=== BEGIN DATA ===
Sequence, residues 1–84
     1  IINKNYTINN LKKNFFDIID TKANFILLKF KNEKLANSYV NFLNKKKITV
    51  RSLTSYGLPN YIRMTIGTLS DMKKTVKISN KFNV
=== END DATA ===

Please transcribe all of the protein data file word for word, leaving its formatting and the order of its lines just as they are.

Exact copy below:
Sequence, residues 1–84
     1  IINKNYTINN LKKNFFDIID TKANFILLKF KNEKLANSYV NFLNKKKITV
    51  RSLTSYGLPN YIRMTIGTLS DMKKTVKISN KFNV